Tomorrow night I shall be on a train back to Jaipur. The wait has been long, and somehow, it has made the fruit taste better. My dedication to my work has made me anything other than a social animal, and unlike everyone else I know, I've spent this vacation going through research papers and publications (71 in total!) and I think I've finally found my unique idea which I'll be presenting for the HP Innovate awards (will give you the prelude to it shortly). I've got to say I've learnt a lot but heck, I guess I missed out on a lot of other things. I still had my share of fun to say. I had a great time with my cousins who were here in Palakkad for the holidays, especially during the engagement function of one of them. I also met some of my friends from school, and during our class reunion which was held on Christmas, I met many more of them. I had rabbit meat for the first time during the marathon of a lunch that we had. :)
I've also submitted two project proposals for Sun's Code For Freedom (CFF) contest. I'll be developing high availability agents for Zabbix and Cron, so that they may work off the box on the Open High Availability Cluster suite. I'll be coding over the GDS (Generic Data Service) template, that allows you to code without having to deal with the cluster framework. So all you have to do, is focus on starting, stopping, probing and validating the application you're developing the agent for. Sounds easy? I'll only know for myself once I start work. So you'll be seeing a lot of technical posts throughout my coming semester. (There go my readers I guess)
Apart from CFF, the other thing that's going to keep me busy through the coming months is the research paper I'm working on for the HP Innovate awards. We all know the kind of havoc that crackers wreck on networks across the world. Commercial Banks have reported losses in the order of billions of dollars due to cyber attacks on their servers. To detect such attacks, we have things called Intrusion Detection Systems (IDSs). But then again, conventional IDSs are based on signatures. A signature is a string developed out of some particular parameters, that distinguish one attack from others. The problem here is, if the IDS doesn't have the signature for an attack, it's not going to detect the intrusion itself, and this is where signature based systems completely fail. If this is going over your heads, let me take a more common example. All of you know what an Anti Virus suite is right? You do know that without 'updating your virus definitions' your system is vulnerable right? So that's what I'm talking about. Anti virus software are based on signatures.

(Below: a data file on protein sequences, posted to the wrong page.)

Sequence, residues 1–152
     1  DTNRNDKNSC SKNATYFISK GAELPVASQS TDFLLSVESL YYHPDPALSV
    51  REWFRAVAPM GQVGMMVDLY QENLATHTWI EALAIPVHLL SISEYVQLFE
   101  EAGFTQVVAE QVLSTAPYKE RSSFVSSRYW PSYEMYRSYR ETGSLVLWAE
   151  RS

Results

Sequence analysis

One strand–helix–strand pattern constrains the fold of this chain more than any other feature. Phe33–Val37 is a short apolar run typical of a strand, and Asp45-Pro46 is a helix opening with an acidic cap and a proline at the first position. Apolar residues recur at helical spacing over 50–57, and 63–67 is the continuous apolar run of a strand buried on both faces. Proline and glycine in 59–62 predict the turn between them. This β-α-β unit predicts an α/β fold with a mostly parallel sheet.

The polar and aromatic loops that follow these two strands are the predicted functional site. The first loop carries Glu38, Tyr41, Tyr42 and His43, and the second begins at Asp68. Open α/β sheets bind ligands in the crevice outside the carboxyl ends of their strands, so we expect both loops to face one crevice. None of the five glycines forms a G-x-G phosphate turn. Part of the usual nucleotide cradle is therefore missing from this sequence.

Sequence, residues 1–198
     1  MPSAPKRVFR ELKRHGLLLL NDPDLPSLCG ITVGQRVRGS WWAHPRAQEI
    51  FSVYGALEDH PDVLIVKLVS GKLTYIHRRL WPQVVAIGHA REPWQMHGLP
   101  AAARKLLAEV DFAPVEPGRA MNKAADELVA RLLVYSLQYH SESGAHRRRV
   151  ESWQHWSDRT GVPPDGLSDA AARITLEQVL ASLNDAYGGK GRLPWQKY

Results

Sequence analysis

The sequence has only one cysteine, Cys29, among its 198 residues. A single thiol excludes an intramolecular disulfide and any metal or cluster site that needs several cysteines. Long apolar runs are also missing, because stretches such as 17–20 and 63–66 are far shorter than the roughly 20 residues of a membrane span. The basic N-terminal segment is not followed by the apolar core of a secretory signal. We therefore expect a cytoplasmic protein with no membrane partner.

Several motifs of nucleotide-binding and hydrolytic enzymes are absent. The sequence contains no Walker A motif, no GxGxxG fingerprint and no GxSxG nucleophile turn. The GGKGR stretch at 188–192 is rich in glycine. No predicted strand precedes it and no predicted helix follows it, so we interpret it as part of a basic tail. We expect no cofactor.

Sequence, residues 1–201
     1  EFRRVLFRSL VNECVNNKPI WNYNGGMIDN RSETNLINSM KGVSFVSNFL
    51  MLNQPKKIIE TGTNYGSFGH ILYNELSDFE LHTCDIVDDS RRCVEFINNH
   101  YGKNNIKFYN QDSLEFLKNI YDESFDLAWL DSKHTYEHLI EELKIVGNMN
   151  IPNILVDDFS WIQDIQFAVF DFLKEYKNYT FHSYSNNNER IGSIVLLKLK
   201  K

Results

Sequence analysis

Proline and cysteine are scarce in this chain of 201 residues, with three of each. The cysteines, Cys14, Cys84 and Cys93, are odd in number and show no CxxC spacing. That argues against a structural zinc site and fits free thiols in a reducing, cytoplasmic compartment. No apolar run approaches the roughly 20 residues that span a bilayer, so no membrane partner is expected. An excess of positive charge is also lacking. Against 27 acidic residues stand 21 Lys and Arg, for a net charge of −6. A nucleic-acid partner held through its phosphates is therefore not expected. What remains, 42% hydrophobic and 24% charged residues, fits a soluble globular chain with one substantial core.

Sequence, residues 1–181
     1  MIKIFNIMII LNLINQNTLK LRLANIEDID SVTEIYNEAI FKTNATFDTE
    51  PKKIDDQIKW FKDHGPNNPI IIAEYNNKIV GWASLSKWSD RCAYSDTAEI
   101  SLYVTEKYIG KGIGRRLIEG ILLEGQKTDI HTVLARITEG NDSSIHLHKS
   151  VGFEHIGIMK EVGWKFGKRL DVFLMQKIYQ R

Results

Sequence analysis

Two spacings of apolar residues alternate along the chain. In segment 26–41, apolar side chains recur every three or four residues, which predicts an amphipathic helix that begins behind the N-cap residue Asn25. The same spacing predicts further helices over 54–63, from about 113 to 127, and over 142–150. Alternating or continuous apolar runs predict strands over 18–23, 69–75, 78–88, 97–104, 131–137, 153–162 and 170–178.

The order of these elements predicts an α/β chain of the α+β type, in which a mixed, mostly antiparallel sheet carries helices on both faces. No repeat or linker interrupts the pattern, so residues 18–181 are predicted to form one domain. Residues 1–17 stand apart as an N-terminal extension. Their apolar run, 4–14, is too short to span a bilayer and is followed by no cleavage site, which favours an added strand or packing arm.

It's not very difficult for the attacker to make minor modifications to an attack so as to get it's signature changed. As far as viruses are concerned, it's real easy to add useless code that will get the virus' signature altered. Consider a virus' code, being executed as assembly language instructions (this isn't proper code ok?):
00 Original Code...
01 Original Code...
N Original Code...
Now the above piece of code will give you a signature we'll call ABC. Now if your anti virus has this signature ABC, it will be able to detect the above virus. Now look at the modification I'm making here.
00 Original Code...
01 Original Code...
K MOV <Some register>, <some value>
L MOV <Some register>, <some other register>
N+2 Original Code...
Now the above piece of code has two new instructions in between it that needn't serve any purpose whatsoever (known as 'dummy code'). All I have to do is insert this kind of code in between different parts of my program, without worrying about changing the program's functionality. But this virus will now have a different signature, and the anti virus won't be able to detect it inspite of having the signature ABC of a virus which does the same thing.
The same kind of little tricks go toward bamboozling IDSs as well. So hence, we need to move away from signature based systems, towards an era of intelligent, anomaly based IDSs. So I'm basically working on the application of AI to such IDSs for the HP Innovate awards.
I’ll be writing about all these as and when I’m working on them. Right now, I feel like playing Tekken 5. So adios…